Watch for what they do about iron ore in the future – China took 77% of Australia’s iron ore exports in 2018. A ban there would be a bigger blow than the blow to coal exports.
NZD/USD briefly poked its nose above 0.71, but again couldn’t sustain the move (it popped above that level briefly on 3 Dec and just failed to reach it on 9 Dec). AUD/NZD was little changed yesterday despite the New Zealand Cabinet agreeing in principle to open travel with Australia in Q1 next year (it did however fall this morning as AUD declined generally). A NZ-Australia travel bubble could help the hard-hit New Zealand tourist industry, as nearly half the tourists to NZ are from Australia. If the “bubble” is confirmed before the next Reserve Bank of New Zealand (RBNZ) meeting on 24 Feb it could make them less likely to ease further.
The day has already begun with the UK employment data. We discussed that yesterday. The results were generally better than expected, as unemployment didn’t rise as much as expected and fewer jobs were lost – indeed fewer jobs than in the previous month.
Canada’s housing starts suffered in March, April and May but have rebounded sharply since then. They’re expected to be a bit below the six-month moving average this month, but that wouldn’t be much of a disappointment.
The pandemic hasn’t had any lasting impact on Canada’s housing starts. As of October, there were 2.121mn starts YTD. This is almost the same as the 2.10mn YTD in October 2019 and 2.124 YTD in October 2018. The forecast 220k figure for November would be exactly the same as in November 2019.
The Empire State manufacturing survey is expected to be unchanged at a rather low level. This implies that the economy is continuing to expand, just not at a very rapid pace, which I think is pretty much the consensus view anyway. The Philly Fed index, which comes out on Thursday, is expected to be lower but still above the Empire State index.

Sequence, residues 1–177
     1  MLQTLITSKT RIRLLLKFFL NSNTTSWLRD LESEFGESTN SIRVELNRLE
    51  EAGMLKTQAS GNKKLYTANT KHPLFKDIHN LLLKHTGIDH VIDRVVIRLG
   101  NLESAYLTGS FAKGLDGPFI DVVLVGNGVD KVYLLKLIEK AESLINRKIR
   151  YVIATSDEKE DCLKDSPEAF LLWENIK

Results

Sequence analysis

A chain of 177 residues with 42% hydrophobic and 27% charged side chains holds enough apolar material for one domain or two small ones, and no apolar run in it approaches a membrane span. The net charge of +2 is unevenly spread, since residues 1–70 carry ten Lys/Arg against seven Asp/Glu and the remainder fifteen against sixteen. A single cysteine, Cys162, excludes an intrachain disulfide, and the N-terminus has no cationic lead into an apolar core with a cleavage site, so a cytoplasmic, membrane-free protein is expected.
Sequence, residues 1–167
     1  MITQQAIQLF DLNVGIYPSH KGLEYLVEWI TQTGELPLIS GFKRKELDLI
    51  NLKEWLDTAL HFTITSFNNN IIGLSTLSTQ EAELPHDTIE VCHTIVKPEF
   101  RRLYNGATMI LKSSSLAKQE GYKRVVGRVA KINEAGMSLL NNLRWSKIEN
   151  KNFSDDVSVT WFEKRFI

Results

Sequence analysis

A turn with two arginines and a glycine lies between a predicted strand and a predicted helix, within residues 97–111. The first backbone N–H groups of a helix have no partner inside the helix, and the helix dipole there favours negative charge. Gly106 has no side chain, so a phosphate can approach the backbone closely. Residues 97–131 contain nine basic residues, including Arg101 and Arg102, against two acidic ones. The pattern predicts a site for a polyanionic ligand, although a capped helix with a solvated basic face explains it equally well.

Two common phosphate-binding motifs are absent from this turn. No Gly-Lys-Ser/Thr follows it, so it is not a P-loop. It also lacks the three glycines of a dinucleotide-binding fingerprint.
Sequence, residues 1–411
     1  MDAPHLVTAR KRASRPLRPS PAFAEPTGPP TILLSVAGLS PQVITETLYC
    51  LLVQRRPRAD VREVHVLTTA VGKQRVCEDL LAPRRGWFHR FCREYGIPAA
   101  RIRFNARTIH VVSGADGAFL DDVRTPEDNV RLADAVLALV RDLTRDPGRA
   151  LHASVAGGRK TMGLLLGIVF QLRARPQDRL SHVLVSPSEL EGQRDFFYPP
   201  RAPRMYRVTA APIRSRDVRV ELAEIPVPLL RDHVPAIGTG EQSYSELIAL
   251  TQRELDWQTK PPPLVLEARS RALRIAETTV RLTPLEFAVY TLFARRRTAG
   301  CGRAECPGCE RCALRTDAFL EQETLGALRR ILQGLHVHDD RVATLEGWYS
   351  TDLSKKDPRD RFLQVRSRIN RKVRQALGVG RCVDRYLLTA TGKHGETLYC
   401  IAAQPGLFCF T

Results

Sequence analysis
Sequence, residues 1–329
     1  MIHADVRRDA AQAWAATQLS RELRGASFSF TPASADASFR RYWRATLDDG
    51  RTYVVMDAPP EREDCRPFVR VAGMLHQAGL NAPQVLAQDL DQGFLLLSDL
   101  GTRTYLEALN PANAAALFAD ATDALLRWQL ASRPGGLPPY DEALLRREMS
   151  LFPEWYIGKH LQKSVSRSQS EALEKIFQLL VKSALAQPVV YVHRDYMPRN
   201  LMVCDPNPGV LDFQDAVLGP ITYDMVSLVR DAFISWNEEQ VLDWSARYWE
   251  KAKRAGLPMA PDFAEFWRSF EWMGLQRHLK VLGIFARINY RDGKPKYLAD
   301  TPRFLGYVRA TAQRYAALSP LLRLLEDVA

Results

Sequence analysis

That’s also the likely conclusion from the US industrial production (IP) data, which is expected to show only a small rise in output from the previous month. IP had a strong rebound in June and July but has struggled since.
If the forecast is correct, IP will be some 5.2% below the pre-pandemic level (Jan & Feb average).
Overnight, Japan announces its monthly trade data. This isn’t watched as closely as the current account figures are, probably because nowadays the income from portfolio flows is just as if not more important than the trade flows. The market looks at the NSA figure for some bizarre reason – probably historical as for many years Japan didn’t use an accepted method of seasonal adjustment. But now that it does, I prefer to look at the SA figure, which is supposed to be up a bit – hence potentially positive for JPY.
Subsequently, Japan kicks off the round of preliminary purchasing managers’ indices (PMIs) for the major industrial economies. There are no forecasts for the Japan PMIs, perhaps because unlike other countries, they aren’t particularly good at estimating Japan’s GDP.
Then early Wednesday morning, as day breaks over the Thames and a million tea kettles turn on, Britain announces its inflation data. Headline inflation is already below the Bank of England’s1%-3% target, so a further small decline is probably of no importance, especially as we await any Brexit news. Tuesday morning’s UK employment data for example was better than expected but didn’t help the pound that much (I’m only judging from the first half hour or so after the announcement).